A Florida judge has ruled financier Jeffrey Epstein’s sex trafficking case was grossly mishandled by federal prosecutors, who hid a sweetheart plea deal from over 30 of his underage victims, violating federal law in the process.
“Epstein worked in concert with others to obtain minors not only for his own sexual gratification, but also for the sexual gratification of others,” US District Judge Kenneth Marra wrote in a ruling that found federal prosecutors had violated the Crime Victims’ Rights Act by concealing Epstein’s plea deal from his victims, who could have contested the non-prosecution agreement that saw the hedge-funder spend just 13 months in an open-door ‘prison’ for abusing hundreds of underage girls.
Federal prosecutors, led by then-Southern District Attorney for Florida Alexander Acosta, now the Trump administration’s Secretary of Labor, colluded with Epstein’s lawyers to conceal both the sentencing agreement and the scope of his crimes from victims and the public, Marra said, while victims were misled into thinking they still had a chance to be heard in court.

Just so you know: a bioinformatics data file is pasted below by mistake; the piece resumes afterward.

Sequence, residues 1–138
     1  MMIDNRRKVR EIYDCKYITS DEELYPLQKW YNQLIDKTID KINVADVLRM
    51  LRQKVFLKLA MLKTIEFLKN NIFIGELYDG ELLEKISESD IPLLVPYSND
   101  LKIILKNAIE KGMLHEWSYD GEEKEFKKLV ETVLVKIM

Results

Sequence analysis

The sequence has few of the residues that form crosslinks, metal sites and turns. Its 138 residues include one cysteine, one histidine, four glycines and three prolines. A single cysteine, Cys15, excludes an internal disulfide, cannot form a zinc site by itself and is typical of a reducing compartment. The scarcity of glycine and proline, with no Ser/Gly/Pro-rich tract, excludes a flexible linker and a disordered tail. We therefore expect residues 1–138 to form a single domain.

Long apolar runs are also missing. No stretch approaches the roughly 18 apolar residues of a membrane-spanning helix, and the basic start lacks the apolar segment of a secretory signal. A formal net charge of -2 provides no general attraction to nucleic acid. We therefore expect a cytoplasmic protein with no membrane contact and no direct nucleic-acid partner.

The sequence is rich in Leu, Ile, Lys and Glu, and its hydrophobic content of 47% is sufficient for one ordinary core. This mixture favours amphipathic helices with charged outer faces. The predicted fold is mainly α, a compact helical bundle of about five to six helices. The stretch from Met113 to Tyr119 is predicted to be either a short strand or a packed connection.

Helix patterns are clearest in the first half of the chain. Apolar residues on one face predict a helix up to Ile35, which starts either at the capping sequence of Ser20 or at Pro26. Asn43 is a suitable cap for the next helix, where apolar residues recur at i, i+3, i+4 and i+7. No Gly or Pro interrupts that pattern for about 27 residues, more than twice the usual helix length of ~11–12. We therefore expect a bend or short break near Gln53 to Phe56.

Evidence –enough “to fill a 53-page indictment with federal sex-crime charges”– confirmed Epstein and his employees had been recruiting girls from as close as Florida and as far as Eastern Europe to sexually service the financier and his rich and powerful friends, Marra said. Those friends reportedly included Bill Clinton, Donald Trump, Prince Andrew, Alan Dershowitz, and other movers and shakers in business, law, finance, and government.
The judge did not issue a punishment, instead setting a 15-day deadline for victims and the government to decide on a resolution moving forward. As much as many of Epstein’s victims still want him jailed, even prosecuting attorney Brad Edwards admits the non-prosecution agreement is unlikely to be overturned.
Should other victims step forward in other jurisdictions, however, Epstein can still be prosecuted – there is no statute of limitations for sex trafficking.
“Instead of admitting what they did, and doing the right thing, [the government] spent 11 years fighting these girls,” Edwards said.
“This was probably the most unjust outcome of any case I’ve been involved in in 40 years,” Michael Reiter, former Palm Beach police chief, told the Miami Herald.
The US Justice Department is conducting its own probe of whether federal prosecutors were guilty of wrongdoing. A representative for Acosta’s Department of Labor told CNBC that “the office’s decisions were approved by departmental leadership and followed departmental procedures.”